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Student Spending Advice

4 mins read

Teenhood is the first time children are exposed to financial autonomy; to be a teenager means to be a spender. However, this can also cause reckless spending due to teenagers’ lack of experience with finances. With no formal education on money, many teenagers don’t know how they should be spending their funds. 

Out of 111 M-A students surveyed, 42% spend $0-10 a week, 26% spend $20-50, 21% spend $10-20, and 11% spend $50-100. A majority said they spend their money on snacks and clothing. 

In a different poll, 15 out of 22 students said they would benefit greatly from having a class on finances— many M-A students don’t consider themselves financially literate.

For Economics teacher Stephanie Cuff-Alavarado, long-term thinking is key. She said, “Retirement is something I’ve read a lot about. By the time you’re 24, you want to have about $25,000 saved, but that becomes more challenging due to increasing student debt. Students are graduating with never-before seen debt unless you benefit from generational wealth.” 

A main facet of thinking ahead financially is not just how you spend your money, but what you spend it with. “Students don’t have a great understanding of planning out long term, and I think that applies to how some folks might approach a debit card,” Cuff-Alavarado said. 

A debit card pulls directly from your spending account so you can spend more than you intended very quickly. Cuff-Alvarado pointed this out, saying, “When we swipe, we don’t realize how much money we’re losing. Swiping is so easy, and I’ve seen a lot of students rack up debt very quickly.” If you get a credit card, be very careful. Unlike debit cards which pull directly from your funds, credit cards borrow money by using a line of credit, which you have to pay back later. A study by MIT found that using credit cards activates the reward system in your brain, causing you to seek out more of that feeling. Swiping a card releases endorphins, causing you to want to do it again, and as soon as possible.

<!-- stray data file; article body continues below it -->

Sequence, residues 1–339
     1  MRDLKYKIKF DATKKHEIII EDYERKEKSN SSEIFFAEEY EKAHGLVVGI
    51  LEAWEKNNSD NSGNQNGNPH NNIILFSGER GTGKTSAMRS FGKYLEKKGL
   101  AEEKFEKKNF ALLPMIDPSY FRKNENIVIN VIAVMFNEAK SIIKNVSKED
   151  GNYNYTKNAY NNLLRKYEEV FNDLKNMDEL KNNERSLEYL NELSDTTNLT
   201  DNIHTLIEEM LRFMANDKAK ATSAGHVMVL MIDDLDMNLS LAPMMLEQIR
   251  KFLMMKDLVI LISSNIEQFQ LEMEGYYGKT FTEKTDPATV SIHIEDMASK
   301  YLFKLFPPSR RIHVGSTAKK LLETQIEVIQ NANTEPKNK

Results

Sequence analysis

When shopping online, the intangibility of money often causes teenagers to overspend. If you’re a teen or a young adult, many large companies— especially fast fashion brands— will take advantage of you. For example, companies like SHEIN trick you into spending too much via alluringly low prices. This is why experts suggest the use of cold hard cash when spending; it helps keep your spending in check as it doesn’t have the illusion of bottomless spending like debt or credit cards.  Cuff-Alvarado said, “If you can see what’s in your wallet, you’re more likely to stick to your budget.”  

“If you can see what’s in your wallet, you’re more likely to stick to your budget”

If you get a credit card, do your research to ensure you choose a company that offers a lot of rewards. Steer clear of cards offered by retail stores, like Target and Walmart. Cuff-Alvarado said, “Most stores make a large percent of profit on the interest of debt you can’t pay off. This can be predatory and dangerous.” Cuff-Alvarado added that if you do decide to get a card with a store, go with Amazon, as it provides a vast array of products and services.